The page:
Introducing Objstore Cluster, a Multi-Master Distributed Caching Layer for Amazon S3


Amazon Simple Storage Service, or Amazon S3, is a cloud storage platform that gives developers the ability to securely collect, store, and analyze their data with almost unlimited scalability. It has proven to be fast and reliable — a PaaS solution that acts like a backbone for many business applications — and gives customers the flexibility of optimizing their cost based off the amount of storage they’re using.


“S3 is great — it’s no wonder why it’s widely used across every industry,” said Sphere Software Senior Go Engineer Maxim Kupriianov. “However, the cost of service for S3 may become too high depending on your usage patterns. For example, if your application runs in your own datacenter, than the file transfer costs will skyrocket. Also request frequency has its limits.”


This sparked Maxim’s idea of an objstore cluster — an easy to use, self-organizing multi-master caching layer for various cloud storage backends like S3.



Introducing Objstore Cluster


Written in Go, an objstore cluster combines the functionality of a simple object storage with the added robustness of cross-node journal synchronization, object replication, and cluster auto-discovery. This tool aims to mitigate the problems of file transfer costs by simply running in your datacenter — implementing a near-cache for all files.


The cluster’s API allows to upload, head, read, and delete files by key — like any other object. All related meta-data may be preserved with files as well. This caching layer will upload the file to S3 and store a copy locally, with optional replication among other nodes. The next time you’d like to access a file, it will be served from a local machine or its near nodes. In the event of a cache miss, it will get the file from S3 directly. This is the basic functionality of objstore cluster.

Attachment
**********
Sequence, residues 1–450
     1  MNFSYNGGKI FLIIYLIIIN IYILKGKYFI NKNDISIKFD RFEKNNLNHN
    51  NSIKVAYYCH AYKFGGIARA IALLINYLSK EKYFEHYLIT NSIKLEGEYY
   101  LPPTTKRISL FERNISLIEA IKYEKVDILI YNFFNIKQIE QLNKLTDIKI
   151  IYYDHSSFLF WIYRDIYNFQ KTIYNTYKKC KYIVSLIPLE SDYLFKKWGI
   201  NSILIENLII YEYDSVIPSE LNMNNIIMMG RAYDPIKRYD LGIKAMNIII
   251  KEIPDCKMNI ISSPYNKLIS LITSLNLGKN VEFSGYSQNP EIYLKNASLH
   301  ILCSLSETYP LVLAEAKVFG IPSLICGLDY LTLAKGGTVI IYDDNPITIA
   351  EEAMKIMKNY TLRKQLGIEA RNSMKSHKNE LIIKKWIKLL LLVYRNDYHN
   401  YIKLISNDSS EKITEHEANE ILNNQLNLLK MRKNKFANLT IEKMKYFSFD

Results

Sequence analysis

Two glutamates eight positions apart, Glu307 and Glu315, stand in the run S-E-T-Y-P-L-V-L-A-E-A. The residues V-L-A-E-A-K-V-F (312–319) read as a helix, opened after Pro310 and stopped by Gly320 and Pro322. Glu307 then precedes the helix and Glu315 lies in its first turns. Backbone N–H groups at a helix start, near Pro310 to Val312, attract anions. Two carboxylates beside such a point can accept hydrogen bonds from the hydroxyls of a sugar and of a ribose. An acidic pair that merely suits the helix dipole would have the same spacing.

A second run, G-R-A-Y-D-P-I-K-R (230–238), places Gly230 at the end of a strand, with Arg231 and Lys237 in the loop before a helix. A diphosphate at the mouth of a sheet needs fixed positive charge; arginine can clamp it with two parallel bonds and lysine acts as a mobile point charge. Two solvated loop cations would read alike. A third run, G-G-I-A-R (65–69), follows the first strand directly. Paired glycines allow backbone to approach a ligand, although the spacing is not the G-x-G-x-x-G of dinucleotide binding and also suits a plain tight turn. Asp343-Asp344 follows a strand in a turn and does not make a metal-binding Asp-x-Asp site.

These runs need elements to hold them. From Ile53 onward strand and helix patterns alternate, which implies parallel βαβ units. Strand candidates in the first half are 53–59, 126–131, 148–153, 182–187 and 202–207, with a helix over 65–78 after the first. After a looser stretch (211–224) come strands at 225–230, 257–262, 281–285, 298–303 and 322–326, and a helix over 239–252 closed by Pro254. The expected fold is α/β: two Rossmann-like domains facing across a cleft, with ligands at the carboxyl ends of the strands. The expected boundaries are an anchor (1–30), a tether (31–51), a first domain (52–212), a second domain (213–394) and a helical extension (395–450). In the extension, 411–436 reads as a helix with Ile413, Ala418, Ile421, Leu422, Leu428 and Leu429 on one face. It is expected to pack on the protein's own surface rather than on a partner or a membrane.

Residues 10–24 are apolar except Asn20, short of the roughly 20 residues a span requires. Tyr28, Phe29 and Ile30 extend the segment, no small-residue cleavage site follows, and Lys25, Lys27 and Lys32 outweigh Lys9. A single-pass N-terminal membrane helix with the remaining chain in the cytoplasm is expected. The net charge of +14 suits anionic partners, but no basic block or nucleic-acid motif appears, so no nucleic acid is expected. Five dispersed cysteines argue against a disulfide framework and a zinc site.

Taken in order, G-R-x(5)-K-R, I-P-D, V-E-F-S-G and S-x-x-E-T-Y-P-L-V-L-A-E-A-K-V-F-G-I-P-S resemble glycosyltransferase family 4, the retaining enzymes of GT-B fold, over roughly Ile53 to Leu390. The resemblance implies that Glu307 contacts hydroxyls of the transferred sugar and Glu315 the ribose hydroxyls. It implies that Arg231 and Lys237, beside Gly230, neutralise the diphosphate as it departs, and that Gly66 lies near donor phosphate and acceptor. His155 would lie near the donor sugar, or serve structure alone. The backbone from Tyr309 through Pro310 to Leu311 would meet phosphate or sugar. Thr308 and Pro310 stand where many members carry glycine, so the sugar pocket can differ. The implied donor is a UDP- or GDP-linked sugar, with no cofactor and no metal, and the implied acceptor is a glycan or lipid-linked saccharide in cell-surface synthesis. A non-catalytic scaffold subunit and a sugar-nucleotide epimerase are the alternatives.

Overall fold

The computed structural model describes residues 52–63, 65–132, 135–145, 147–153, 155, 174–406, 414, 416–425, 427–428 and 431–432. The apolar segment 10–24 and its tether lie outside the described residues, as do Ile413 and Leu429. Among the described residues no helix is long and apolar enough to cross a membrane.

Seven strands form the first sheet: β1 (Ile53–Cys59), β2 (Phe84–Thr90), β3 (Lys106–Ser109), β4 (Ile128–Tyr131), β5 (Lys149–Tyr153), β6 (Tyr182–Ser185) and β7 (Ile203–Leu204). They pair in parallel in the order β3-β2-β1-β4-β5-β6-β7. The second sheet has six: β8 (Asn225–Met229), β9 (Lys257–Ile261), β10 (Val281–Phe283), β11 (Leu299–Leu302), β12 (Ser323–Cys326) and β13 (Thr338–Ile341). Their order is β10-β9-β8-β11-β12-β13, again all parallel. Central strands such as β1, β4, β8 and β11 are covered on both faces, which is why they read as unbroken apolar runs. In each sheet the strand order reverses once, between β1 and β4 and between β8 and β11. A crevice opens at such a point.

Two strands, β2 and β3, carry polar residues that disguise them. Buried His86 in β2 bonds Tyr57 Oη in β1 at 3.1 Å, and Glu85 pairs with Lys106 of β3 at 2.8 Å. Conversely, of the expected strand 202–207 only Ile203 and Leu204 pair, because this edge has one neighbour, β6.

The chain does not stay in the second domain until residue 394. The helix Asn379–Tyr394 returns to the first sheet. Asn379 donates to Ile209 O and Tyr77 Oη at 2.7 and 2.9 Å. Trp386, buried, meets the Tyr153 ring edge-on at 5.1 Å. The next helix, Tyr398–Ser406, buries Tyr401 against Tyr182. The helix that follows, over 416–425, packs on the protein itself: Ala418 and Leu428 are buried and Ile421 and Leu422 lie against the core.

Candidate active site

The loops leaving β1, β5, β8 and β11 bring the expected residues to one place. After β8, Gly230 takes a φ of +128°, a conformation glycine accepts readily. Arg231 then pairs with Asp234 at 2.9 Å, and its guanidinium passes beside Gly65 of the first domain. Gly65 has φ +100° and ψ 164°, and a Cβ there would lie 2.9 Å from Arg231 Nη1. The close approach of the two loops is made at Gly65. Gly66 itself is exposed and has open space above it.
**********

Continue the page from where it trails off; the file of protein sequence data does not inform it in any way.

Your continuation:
Using Objstore Cluster


A robust cluster will yield the best results, although it’s not required to reach the same levels as traditional databases — or other stores that are required to be highly consistent. A certain amount of fault resilience is important because a dropped cache implies a huge (and unplanned) spike in latency and CoS, which may hurt infrastructure and your wallet. In addition, caches may recover very slowly.


Objstore leverages a P2P discovery mechanism, so once some nodes are started already, another might join knowing only one physical IP address. The cluster sets up a logical network over persistent TCP connections between nodes, and uses an internal HTTP API to share events and data between nodes. This eliminates a single point of failure. Everything involves zero configuration — except the HTTP load balancer, which may be any of your choice.



Node disk sizes are required to be identical because the overall limit of the cluster is limited by size of the smallest disk used for data replication. If you want to expand the size linearly, setup another objstore cluster and tweak your HTTP load balancer.



Installation, Server Usage, Client Usage, and More


To see how to install objstore cluster, its server usage, client usage, and more, visit Sphere Software’s Github/objstore. You’ll be provided with a more detailed breakdown of objstore cluster’s functionality and how to implement it. Objstore cluster is currently in open beta stage, so be sure to test!


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